Tropical Fish Keeping - Aquarium fish care and resources

Tropical Fish Keeping - Aquarium fish care and resources (http://www.tropicalfishkeeping.com/)
-   Beginner Freshwater Aquarium (http://www.tropicalfishkeeping.com/beginner-freshwater-aquarium/)
-   -   33gal tank fish count help... (http://www.tropicalfishkeeping.com/beginner-freshwater-aquarium/33gal-tank-fish-count-help-2510/)

motus 01-15-2007 03:21 AM

33gal tank fish count help...
 
First time poster here...

I have a 33 Gal tank and have about a dozen tetras right now. I want to bring some more fish in. My plan is in total about 30 tetras (mostly neons) and 2 Discus. Would this be considered crowded? If so what would be a more comfortible population? Thanks.

Lupin 01-15-2007 03:55 AM

Welcome aboard.:wave:

I would try to skip the discus. They grow to a max of about 8 inches and this is too big for the tank. One is not even recommended as they are cichlids and will act unpredictably. Stick with the tetras. For surface, I'd suggest hatchetfish and cories and otos for bottom.:)

blueblue48 01-15-2007 01:37 PM

lol i have a marble hachetfish and there absoloutly hilarious. the have a huge gut type thingy.

motus 01-17-2007 10:04 PM

Thanks for the info. I would really like my hobby to grow so ive decided to upgrade the tank to allow for a wider range of fish and get some discus in there. Ive had the 33 for 4 years now.

Wlould 3 or 4 Discus be aceptable? I really like seeing tetras in tight schools and want Discus or something to hold them together. Plus I like the radical scale difference of the fish in the same tank. For s setup such as this what would be the "ideal" sized tank?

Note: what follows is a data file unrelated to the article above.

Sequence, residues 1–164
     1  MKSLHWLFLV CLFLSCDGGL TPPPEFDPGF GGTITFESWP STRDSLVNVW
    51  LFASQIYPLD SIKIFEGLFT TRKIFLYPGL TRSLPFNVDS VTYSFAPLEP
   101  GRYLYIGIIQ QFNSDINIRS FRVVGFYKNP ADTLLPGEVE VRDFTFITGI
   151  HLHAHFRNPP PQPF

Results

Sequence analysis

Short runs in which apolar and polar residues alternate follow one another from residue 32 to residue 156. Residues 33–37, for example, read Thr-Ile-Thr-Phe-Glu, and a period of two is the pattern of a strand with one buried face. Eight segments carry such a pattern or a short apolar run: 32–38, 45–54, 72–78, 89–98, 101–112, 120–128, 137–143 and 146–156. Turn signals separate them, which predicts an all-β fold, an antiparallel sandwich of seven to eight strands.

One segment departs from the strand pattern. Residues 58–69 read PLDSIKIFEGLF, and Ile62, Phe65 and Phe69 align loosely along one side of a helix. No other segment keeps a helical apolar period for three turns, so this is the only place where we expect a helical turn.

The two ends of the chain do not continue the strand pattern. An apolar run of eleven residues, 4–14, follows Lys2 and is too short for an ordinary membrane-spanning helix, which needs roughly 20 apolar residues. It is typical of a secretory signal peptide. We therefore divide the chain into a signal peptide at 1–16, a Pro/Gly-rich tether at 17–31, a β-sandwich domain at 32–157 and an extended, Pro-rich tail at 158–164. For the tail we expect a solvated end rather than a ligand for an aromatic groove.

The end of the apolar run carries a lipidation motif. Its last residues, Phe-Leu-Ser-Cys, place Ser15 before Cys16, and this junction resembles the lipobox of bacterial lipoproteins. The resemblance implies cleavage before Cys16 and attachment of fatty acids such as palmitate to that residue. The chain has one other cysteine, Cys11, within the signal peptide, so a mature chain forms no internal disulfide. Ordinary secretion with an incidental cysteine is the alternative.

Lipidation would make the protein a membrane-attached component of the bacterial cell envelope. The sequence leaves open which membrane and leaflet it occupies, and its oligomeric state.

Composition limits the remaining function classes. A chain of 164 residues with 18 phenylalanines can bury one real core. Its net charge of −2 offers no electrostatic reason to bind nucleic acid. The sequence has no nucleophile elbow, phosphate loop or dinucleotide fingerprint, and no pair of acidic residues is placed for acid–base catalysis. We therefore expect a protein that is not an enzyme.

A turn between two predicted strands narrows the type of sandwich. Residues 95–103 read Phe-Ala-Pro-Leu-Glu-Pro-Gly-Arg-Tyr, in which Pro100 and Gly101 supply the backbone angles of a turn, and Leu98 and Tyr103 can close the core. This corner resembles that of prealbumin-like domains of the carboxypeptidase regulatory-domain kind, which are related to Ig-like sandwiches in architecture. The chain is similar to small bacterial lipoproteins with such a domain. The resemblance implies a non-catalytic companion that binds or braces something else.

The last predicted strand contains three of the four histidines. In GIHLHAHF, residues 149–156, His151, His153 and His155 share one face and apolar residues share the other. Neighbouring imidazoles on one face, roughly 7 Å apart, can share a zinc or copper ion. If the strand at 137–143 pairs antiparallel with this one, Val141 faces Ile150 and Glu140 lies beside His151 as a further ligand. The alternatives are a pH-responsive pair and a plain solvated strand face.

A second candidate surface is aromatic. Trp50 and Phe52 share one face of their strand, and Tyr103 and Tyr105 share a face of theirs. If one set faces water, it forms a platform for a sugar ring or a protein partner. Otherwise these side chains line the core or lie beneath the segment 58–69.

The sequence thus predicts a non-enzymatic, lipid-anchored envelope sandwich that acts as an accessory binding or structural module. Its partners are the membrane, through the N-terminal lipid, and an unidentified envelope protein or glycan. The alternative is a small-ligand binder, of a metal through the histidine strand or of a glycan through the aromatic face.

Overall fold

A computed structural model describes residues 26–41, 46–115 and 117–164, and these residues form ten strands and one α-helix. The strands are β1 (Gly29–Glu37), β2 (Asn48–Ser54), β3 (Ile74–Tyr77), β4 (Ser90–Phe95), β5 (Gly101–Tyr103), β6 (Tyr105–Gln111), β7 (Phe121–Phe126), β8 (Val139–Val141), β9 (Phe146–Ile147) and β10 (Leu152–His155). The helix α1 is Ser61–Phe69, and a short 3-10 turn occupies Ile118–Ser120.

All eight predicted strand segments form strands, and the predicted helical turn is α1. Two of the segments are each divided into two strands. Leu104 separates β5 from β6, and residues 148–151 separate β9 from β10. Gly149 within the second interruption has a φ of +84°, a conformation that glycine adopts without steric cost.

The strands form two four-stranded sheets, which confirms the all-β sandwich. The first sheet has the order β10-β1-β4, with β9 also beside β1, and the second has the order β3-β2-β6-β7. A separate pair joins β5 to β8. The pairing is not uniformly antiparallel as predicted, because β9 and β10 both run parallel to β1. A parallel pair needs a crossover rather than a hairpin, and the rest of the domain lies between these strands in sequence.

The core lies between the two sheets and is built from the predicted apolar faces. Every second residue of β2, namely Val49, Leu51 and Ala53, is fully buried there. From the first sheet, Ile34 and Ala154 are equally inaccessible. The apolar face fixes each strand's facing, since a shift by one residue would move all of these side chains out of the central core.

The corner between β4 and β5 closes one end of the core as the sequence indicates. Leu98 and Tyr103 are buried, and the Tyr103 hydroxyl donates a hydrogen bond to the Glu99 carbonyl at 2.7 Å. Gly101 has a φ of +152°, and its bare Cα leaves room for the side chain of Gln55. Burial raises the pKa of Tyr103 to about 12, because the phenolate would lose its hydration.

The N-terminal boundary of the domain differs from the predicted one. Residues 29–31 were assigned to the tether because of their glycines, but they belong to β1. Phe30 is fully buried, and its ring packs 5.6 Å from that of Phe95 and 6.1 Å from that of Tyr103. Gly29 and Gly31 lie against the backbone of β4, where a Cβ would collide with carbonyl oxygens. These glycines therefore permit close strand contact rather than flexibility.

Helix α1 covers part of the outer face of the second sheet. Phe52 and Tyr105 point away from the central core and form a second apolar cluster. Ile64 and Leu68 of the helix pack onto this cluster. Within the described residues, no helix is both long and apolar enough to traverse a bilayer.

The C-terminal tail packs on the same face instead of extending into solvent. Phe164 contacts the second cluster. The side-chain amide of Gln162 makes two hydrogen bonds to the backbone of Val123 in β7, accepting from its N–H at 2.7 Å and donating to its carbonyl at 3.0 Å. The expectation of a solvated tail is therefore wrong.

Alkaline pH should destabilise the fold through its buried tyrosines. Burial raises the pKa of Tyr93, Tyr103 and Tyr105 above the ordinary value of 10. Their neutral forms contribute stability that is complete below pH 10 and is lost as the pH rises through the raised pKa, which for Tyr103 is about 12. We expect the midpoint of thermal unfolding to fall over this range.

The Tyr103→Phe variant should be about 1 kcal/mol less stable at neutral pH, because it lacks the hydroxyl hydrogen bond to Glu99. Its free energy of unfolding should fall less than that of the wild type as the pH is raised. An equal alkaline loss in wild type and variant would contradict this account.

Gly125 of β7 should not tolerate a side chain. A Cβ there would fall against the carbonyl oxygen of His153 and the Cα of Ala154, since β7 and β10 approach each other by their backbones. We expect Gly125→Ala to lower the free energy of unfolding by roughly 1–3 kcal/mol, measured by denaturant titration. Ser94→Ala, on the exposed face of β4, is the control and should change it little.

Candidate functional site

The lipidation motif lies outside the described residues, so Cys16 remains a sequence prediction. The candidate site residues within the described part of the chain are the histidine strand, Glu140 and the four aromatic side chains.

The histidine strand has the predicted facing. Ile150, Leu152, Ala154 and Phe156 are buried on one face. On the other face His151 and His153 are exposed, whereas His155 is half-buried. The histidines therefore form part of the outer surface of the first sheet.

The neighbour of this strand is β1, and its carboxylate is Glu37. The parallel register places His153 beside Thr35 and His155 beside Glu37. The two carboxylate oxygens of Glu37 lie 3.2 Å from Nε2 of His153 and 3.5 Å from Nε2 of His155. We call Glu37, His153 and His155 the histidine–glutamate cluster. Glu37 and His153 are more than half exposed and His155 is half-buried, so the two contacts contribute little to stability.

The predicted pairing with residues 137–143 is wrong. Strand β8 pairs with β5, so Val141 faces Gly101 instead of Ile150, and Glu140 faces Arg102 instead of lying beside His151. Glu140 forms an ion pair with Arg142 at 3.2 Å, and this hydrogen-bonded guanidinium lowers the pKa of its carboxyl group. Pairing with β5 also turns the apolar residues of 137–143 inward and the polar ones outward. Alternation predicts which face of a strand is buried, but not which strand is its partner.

Lonewolfblue 01-17-2007 10:38 PM

I would recommend 75G and 5-6 Discus, and 1 large school of tetras, maybe hatches as well, and a school of Otos and Cories, and 2 BN Plecos. Make sure you have at least 1 piece of driftwood in the tank for the BN's so they can rasp on it. It's primarily for their health. :)

Lupin 01-17-2007 10:59 PM

A 33 would fit only tetras, dwarf cichlids and some plecs.:) Pls avoid some tetras particularly the serpaes, red-eyes and black skirts. They get nippy and will nip your discus' fins.:shake:

Lonewolfblue 01-17-2007 11:31 PM

And if you really want to do something cool, a large school of Rummy Nose Tetras. They are one of my fav schooling tetras because they school so well.

Lupin 01-17-2007 11:38 PM

Quote:

Originally Posted by Lonewolfblue
And if you really want to do something cool, a large school of Rummy Nose Tetras. They are one of my fav schooling tetras because they school so well.

I second that.:thumbsup: They do school so tightly.:mrgreen:

motus 01-18-2007 01:17 AM

Thanks for all the help. I googled the Rummy Nose and they seem pretty cool.

Can anyone recommend some good general books on Freshwater Aquariums? Mabe also on plants etc... Trying to really get a grasp on everything and there seems to be ALLOT to learn.

Lupin 01-18-2007 03:55 AM

I would just give you a warning that rummies are very tricky to transport and are very sensitive to water conditions so maintain your tank properly. Their red coloration often serves as indicator. If the red coloration fades, chances are they were either stressed or something is wrong with your water quality.

Pls introduce them at a later stage or better yet to be clear, make sure they are the last fish you should introduced.


All times are GMT -5. The time now is 10:07 PM.

Powered by vBulletin® Version 3.7.4
Copyright ©2000 - 2014, Jelsoft Enterprises Ltd.
Search Engine Friendly URLs by vBSEO 3.6.0 PL2